Hjalmar Bergman

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Bergman, Hjalmar


Born Sept. 19, 1883, in Örebro; died Jan. 1, 1931, in Berlin. Swedish writer.

Bergman studied history and philosophy at the University of Uppsala and in Italy. His first published work, the drama Mary, Mother of Jesus, came out in 1905. He wrote the so-called Bergslagen cycle of novels (named for an industrial region of Sweden). The Bergslagen novels include His Grace’s Will (1910), Memoirs of the Deceased (1918), God’s Orchid (1919; Russian translation, 1959), Thy Rod and Thy Staff (1921), The Head of the Firm (1924), and The Kerrmans in Paradise (1927). In these novels realism is combined with fantasy, psychologism, satire, and grotesque humor. Bergman’s novel The Clown Jac (1930) depicts the tragic fate of the artist in the bourgeois world. Bergman is the author of the satiric plays The Swedenhielms (1925), The Dollar (1926), The Rabble (1928), and others.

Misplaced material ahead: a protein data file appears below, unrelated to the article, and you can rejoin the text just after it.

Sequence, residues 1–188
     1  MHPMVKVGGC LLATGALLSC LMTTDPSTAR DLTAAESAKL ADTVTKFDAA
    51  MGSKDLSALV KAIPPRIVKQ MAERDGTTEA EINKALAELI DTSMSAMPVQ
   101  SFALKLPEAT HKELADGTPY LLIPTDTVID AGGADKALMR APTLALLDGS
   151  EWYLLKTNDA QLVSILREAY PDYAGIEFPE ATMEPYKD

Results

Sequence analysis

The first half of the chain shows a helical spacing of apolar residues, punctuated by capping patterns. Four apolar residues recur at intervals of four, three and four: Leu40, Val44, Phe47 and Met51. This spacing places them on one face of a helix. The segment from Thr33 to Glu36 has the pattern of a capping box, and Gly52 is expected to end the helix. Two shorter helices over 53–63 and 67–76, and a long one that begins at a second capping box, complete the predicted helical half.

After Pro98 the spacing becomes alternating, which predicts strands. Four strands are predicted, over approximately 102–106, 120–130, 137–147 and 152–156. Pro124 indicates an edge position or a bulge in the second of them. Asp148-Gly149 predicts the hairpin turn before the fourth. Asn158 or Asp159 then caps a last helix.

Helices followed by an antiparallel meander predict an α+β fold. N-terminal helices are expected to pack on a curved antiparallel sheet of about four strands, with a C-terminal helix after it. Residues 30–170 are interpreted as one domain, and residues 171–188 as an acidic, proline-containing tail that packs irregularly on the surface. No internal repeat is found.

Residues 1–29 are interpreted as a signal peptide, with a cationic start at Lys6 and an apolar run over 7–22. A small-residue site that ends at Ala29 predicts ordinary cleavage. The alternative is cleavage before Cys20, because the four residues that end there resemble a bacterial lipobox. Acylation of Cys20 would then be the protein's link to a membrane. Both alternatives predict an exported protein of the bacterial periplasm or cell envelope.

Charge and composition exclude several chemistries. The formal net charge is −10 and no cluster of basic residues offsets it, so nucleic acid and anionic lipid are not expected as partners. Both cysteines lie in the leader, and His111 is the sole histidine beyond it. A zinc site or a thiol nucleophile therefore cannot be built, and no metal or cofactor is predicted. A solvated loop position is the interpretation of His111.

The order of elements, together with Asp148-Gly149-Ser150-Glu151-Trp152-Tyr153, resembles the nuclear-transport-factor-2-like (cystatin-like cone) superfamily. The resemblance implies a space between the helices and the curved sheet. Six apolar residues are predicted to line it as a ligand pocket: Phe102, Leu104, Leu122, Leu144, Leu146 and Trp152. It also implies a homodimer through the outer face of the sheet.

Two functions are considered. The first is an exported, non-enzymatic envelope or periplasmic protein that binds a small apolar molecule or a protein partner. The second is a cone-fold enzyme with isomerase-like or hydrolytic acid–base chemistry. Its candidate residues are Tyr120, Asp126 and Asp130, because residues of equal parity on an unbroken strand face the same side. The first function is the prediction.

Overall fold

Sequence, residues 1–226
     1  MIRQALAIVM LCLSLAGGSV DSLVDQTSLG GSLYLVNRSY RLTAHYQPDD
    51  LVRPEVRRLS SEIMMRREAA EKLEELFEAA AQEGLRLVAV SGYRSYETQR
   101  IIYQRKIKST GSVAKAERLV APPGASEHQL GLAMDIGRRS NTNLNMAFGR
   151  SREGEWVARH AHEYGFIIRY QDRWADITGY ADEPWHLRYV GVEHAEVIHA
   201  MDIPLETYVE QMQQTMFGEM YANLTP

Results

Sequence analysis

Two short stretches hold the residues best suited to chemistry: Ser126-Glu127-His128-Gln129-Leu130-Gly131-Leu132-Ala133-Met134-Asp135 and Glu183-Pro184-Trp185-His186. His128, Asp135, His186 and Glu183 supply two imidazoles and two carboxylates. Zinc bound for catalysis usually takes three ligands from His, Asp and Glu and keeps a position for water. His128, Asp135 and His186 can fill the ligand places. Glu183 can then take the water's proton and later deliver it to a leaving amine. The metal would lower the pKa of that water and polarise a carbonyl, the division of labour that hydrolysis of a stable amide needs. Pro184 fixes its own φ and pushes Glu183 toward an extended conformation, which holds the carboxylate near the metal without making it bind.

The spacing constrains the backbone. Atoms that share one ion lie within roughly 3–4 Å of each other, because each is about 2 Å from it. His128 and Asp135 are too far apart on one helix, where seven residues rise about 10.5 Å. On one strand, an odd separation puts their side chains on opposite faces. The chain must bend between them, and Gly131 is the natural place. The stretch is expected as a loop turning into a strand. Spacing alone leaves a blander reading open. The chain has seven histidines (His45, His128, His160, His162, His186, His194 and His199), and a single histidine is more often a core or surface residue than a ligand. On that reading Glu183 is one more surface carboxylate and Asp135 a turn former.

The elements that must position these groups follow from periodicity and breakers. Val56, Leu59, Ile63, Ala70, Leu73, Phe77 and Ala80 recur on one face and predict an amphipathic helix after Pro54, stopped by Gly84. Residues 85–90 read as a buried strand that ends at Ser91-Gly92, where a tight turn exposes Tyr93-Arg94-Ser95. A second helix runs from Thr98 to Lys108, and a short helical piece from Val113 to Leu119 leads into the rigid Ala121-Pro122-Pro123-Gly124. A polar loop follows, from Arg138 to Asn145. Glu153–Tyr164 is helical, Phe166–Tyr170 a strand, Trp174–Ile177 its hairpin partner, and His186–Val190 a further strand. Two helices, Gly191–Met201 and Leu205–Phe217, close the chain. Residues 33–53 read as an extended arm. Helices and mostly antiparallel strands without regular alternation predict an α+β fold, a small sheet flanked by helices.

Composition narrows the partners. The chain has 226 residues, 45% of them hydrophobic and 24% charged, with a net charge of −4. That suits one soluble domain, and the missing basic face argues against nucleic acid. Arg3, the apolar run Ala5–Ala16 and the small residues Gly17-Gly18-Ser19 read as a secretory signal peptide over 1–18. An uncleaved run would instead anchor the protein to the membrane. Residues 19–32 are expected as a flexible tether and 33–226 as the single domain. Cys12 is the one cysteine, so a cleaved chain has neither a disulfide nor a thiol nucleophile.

Samlade skrifter, vols. 1–30. Stockholm, 1949–58.
In Russian translation:
Rasskazy. In the collection Shvedskaia Novella XIX-XX vv. Moscow, 1964.


Levander, H. Hjalmar Bergman. Stockholm, 1957.
Ek. S. Verklighet och vision. Stockholm, 1964.


References in periodicals archive ?
3) Hjalmar Bergman (1883-1931) is arguably the most important playwright in Sweden after Strindberg.
Outside of her well-reasoned discussions of the artist Edfelt per se, Lagerroth provides the reader with a good deal of very interesting insights into the cultural and political context of Edfelt's authorship: his defining relationship with the novelist and playwright Hjalmar Bergman, his membership in the Clarte circles in Lund and Uppsala, his association with Bertil Malmberg, his important contact with Finland-Swedish modernists such as Rabbe Enckell and Elmer Diktonius, his significant work as a translator and introducer of German and English literature (Trakl, Rilke, and Eliot, to name just a few), and his elective affinity with the likes of Vilhelm Ekelund and Gunnar Ekelof.